There’s no more heart-sinking feeling than pulling up to your cottage on the May 2-4 weekend and seeing a door forced or a window broken. Even if thieves only make off with your 30-year-old VCR and a couple of Air Supply cassettes, you’ll still have damage to repair—both to your property and your family’s sense of security.
Preventing an off-season break-and-enter starts now—before you’ve closed the cottage. Follow our tips to help make your home-away-from-home as safe as possible.
It sounds pretty obvious, but did you make sure the second-storey windows were locked? How about the shed? Did you lock away your propane tanks? Any open door or window is a temptation for thieves—even ones that look like they might be inaccessible.
Remove all valuables at the end of the season
Take home anything that could be temptation for thieves—TVs, microwaves, cameras, video games, jewellery, and anything else you couldn’t bear to lose. As well, remove any alcohol you may have lying around. Yes, it’s a pain, and yes, it’s more to pack—but better not to tempt burglars in the first place.
If you do leave things at the cottage, engrave them with an identification number—the Ontario Provincial Police (OPP) suggests using your driver’s license number or your license plate as an identifier. Use an electric engraver (which you can borrow from the OPP) on electronics, and a ballpoint pen on the inside of expensive clothing. For more information on marking your property, check out the OPP’s fact sheet.
Invest in some DIY tweaks to secure doors and windows
Make sure your doors’ strike plates and hinges are secured with three-inch screws, rather than the standard ½-inch ones. (You’ll likely have to replace them yourself). Your deadbolt should penetrate at least one inch into the doorjamb—if it doesn’t, replace the lock. And exterior doors should be solid rather than hollow.
For patio doors, install screws in the top track about 10 inches apart, far enough in so the screw heads sit just above door level. This stops someone from lifting the door up and out. And jam the door with an old hockey stick or broom handle to prevent it from sliding.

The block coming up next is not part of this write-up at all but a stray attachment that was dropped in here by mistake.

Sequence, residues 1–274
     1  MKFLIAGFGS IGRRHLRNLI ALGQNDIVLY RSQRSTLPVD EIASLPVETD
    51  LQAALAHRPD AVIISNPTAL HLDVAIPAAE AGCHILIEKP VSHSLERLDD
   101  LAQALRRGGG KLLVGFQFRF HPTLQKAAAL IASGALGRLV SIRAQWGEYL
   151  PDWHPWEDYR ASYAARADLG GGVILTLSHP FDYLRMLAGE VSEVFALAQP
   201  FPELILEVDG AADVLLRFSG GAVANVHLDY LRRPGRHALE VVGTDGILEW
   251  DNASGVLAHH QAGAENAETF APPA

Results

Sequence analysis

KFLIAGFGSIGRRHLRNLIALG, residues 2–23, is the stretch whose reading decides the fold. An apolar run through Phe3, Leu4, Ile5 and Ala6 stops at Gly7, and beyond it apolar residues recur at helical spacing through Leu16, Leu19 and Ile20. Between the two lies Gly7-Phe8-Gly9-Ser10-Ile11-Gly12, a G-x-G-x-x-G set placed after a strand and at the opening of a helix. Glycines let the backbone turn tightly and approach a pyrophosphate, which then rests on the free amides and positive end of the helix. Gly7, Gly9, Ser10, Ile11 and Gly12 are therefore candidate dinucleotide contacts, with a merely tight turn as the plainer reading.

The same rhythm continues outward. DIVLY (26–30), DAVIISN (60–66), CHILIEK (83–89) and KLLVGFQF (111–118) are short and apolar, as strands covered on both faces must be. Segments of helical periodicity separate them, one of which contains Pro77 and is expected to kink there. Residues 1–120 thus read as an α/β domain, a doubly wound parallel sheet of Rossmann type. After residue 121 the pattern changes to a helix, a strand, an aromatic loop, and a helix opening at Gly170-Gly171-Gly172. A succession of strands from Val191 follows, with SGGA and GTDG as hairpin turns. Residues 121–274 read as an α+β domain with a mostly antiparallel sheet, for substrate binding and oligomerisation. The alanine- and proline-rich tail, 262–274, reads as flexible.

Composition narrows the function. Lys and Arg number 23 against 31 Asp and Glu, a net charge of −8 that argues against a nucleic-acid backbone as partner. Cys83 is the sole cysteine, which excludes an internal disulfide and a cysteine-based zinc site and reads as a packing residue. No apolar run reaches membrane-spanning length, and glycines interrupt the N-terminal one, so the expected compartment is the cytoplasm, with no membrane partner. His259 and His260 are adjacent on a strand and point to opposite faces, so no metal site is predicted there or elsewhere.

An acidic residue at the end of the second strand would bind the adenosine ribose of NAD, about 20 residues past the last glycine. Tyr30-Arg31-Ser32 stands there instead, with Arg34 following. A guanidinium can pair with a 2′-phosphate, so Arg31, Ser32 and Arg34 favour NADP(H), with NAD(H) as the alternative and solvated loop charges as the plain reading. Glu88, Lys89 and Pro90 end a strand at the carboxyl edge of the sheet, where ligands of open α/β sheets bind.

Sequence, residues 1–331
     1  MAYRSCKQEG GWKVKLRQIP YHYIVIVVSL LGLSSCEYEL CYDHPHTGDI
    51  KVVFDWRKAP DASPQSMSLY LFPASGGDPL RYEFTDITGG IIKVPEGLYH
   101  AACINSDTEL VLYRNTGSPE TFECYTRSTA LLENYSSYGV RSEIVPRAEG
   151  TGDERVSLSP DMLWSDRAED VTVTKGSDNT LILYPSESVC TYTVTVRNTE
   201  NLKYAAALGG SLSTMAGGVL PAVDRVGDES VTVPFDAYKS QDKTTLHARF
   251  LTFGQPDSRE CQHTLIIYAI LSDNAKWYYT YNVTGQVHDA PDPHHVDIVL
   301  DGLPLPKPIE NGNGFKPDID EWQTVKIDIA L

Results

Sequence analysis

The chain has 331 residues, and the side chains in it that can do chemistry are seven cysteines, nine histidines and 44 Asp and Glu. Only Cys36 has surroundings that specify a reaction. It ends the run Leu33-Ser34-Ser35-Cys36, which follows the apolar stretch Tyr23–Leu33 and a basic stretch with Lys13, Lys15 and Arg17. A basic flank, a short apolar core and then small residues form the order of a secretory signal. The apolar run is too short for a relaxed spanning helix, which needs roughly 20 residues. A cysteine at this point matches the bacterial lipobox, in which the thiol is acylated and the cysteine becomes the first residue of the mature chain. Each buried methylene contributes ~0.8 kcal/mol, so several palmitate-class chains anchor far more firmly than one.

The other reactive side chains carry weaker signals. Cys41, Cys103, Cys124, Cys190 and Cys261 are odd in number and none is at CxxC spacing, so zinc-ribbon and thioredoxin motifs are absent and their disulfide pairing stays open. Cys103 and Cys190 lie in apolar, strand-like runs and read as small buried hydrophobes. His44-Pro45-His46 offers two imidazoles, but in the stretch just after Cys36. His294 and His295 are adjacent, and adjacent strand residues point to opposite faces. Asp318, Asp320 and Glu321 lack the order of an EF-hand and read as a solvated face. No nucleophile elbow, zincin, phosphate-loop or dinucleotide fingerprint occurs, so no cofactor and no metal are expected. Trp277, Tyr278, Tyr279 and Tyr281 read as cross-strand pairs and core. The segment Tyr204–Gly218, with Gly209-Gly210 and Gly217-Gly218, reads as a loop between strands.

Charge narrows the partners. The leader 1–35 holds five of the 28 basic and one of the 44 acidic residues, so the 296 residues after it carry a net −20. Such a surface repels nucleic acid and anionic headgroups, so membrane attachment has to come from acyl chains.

Secure double-hung windows by drilling a downward-slanting hole from the top corners of the inner sash into (but not through) the outer sash. Slide a nail or screw into the hole when you leave to prevent the windows from being opened.
Finally, add security film to patio and French doors, and to the sidelights around your door. This prevents your windows from being easily broken.
Make friends with your year-round neighbours
If you have neighbours who live in the area year-round, ask them to keep an eye on the place for you. Give them an extra key and make sure they have your city contact info just in case anything goes wrong—and then cook them a really nice dinner when you get back in the spring. A nice bottle of wine wouldn’t hurt either.
Also, if your area has a winter cottage watch program, make sure you sign up. Some cottage-country property management companies offer a regular winter check-in service, which could be a good investment for peace of mind.
Keep your exterior (and possibly your interior) nice and visible
Put away storage benches and deck furniture and trim your hedges—don’t give thieves a place to hide. There’s some debate about whether or not to pull your curtains—if you’re leaving appliances and electronics (even though you shouldn’t), it’s probably best to hide them from unwanted visitors peering through the windows. On the other hand, if your cottage is mostly empty, keeping your curtains open may show thieves there’s nothing to steal—and may save you a broken window.
For more useful tips, check out our closing up Q and As.